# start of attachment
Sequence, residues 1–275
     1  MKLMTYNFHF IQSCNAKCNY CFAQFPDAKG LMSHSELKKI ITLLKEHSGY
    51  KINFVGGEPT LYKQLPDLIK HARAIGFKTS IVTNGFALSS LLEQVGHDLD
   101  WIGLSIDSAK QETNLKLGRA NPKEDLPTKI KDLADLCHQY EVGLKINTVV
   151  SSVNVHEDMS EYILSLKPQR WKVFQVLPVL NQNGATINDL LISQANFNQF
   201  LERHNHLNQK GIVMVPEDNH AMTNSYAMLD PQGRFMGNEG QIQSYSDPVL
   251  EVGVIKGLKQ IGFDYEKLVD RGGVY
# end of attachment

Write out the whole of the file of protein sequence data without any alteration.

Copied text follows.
Sequence, residues 1–275
     1  MKLMTYNFHF IQSCNAKCNY CFAQFPDAKG LMSHSELKKI ITLLKEHSGY
    51  KINFVGGEPT LYKQLPDLIK HARAIGFKTS IVTNGFALSS LLEQVGHDLD
   101  WIGLSIDSAK QETNLKLGRA NPKEDLPTKI KDLADLCHQY EVGLKINTVV
   151  SSVNVHEDMS EYILSLKPQR WKVFQVLPVL NQNGATINDL LISQANFNQF
   201  LERHNHLNQK GIVMVPEDNH AMTNSYAMLD PQGRFMGNEG QIQSYSDPVL
   251  EVGVIKGLKQ IGFDYEKLVD RGGVY